Autumn Budget 2021 reaction: a big win for the alcohol sector?
The alcohol sector looks to be the biggest winner from the Autumn 2021 Budget, though scratch beneath the surface and it seems like not all corners of the industry will benefit from the proposed policies.
All eyes were on the red box as Rishi Sunak delivered his second budget of the year
The UK food and beverage sector has been reacting to Chancellor Rishi Sunak’s most recent budget announcement, which included a boost for the alcohol sector as a planned rise in alcohol duty was scrapped.
The sweeping changes to the way alcohol duty is calculated has been designed to make the system easier, with the number of rates cut from 15 to six. Different corners of the alcohol sector have, however, had differing fortunes from the Autumn budget, which was delivered to in the House of Commons today.
A common sense principle
The new system, set to come into force in 2023, will mean higher duty for stronger alcohol. “To radically simplify the system, we are slashing the number of main duty rates from 15 to just six,” Sunak told the Commons.
That’s the right thing to do, and it will help end the era of cheap, high-strength drinks which can harm public health.
“Our new system will be designed around a common-sense principle: the stronger the drink, the higher the rate. This means that some drinks, like stronger red wines, fortified wines, or high-strength ‘white ciders’ will see a small increase in their rates because they are currently undertaxed given their strength.
“That’s the right thing to do, and it will help end the era of cheap, high-strength drinks which can harm public health and enable problem drinking,” he said.
In addition to the simplification on alcohol duty – the most radical for 140 years according to the chancellor – Small Brewers Relief will be extended to “small cidermakers and other producers making alcoholic drinks of less than 8.5 percent ABV”. The scheme offers alcohol duty relief to small, craft breweries and beverage manufacturers in the UK.
In a win for the sparkling wine sector, Sunak announced that duty for drinks of this type will now match that of their still counterparts. “Over the last decade, consumption of sparkling wines like prosecco has doubled. English sparkling wine alone has increased almost tenfold,” he told MPs.
“It’s clear they are no longer the preserve of wealthy elites. And they’re no stronger than still wines. So I’m going to end the irrational duty premium of 28 percent that they currently pay.”
It’s a move that was welcomed by Andrew Carter, CEO of Chapel Down, which manufactures English wine in Kent. “English wine is a 21st-century success story, and demand for Chapel Down’s award-winning sparkling wines has never been higher. It’s very encouraging to see the support and recognition of the industry’s success at a governmental level, which is the best endorsement we could hope for,” he said.
“The Chancellor’s patronage will make us more competitive against our worldwide competitors and this change will enable us to reinvest in our business and to continue growing at pace.”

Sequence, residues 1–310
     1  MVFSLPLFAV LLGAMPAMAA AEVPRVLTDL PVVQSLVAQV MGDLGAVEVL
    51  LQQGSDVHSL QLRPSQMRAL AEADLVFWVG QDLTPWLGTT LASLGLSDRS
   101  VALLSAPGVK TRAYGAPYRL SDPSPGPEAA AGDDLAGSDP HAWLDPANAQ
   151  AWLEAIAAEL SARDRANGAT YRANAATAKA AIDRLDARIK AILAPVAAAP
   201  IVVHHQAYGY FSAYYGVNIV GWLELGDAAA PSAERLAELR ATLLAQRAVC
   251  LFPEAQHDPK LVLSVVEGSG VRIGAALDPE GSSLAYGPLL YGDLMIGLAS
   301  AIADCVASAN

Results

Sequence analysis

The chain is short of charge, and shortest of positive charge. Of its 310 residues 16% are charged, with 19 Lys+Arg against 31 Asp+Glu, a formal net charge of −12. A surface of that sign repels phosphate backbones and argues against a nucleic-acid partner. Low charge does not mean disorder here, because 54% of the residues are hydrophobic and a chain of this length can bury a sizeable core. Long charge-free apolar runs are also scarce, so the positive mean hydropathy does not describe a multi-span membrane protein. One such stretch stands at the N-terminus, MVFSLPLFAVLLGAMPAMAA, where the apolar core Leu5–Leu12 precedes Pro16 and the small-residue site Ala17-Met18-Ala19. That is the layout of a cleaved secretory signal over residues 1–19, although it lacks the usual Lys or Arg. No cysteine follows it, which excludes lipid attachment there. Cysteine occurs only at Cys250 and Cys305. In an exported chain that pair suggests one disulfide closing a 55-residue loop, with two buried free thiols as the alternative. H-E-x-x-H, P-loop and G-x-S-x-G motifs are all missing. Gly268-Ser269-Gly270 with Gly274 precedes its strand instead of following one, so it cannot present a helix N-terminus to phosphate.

A proposed rise to duty on spirits, which took effect last night (27 October), has also been scrapped by the Chancellor. The policy has provide somewhat popular with the sector – though Scotch Whisky Association Chief Executive Karen Betts was still keen to remind the Chancellor that Scotch Whisky, along with other spirits, are still taxed more heavily than other alcoholic drinks.
“By freezing duty, the Chancellor has given welcome relief to all distillers, specifically in Scotland where 92 percent of all UK spirits are produced or bottled. It’s confirmation that the UK government wants to support one of Scotland’s most important industries and will take action to protect jobs, investment and exports, and to bolster the recovery in hospitality and tourism,” said Betts.
“But the UK government must go further if it’s to meet its promise to ensure the tax system is supporting Scotch Whisky. Despite the duty freeze, spirits are still taxed more than beer, wine and cider and we will now want to scrutinise the reform proposals announced by the Chancellor today.”
Draught duty announced
A new rate of alcohol duty for draught drinks was also unveiled by the Chancellor in a bid to help pubs and bars which have bore the brunt of the COVID-19 crisis over the past 18 months.
“Draught Relief will apply a new, lower rate of duty on draught beer and cider. It will apply to drinks served from draught containers over 40 litres,” Sunak informed the Commons.
“Draught Relief will cut duty by five percent,” he added. That is the biggest cut to cider duty since 1923. The biggest cut to fruit ciders in a generation. The biggest cut to beer duty for 50 years.
“This is not temporary…it’s a long-term investment in British pubs of £100 million a year. And a permanent cut in the cost of a pint of 3 pence.”
The new ‘draught relief’ is “a much-needed vote of confidence in the great British pub as we face into an uncertain winter, labour disruption and rising costs,” Nick Mackenzie, chief executive of Greene King, which owns 2,700 pubs, told the BBC.
However, there is once again concern that the policy, which at first glance looks like a big win for all pubs, may not benefit everyone. Many smaller craft pubs serve draught drinks from smaller containers than the 40-litre measurement outlined by the Chancellor, and so the cut in duty would not help them.
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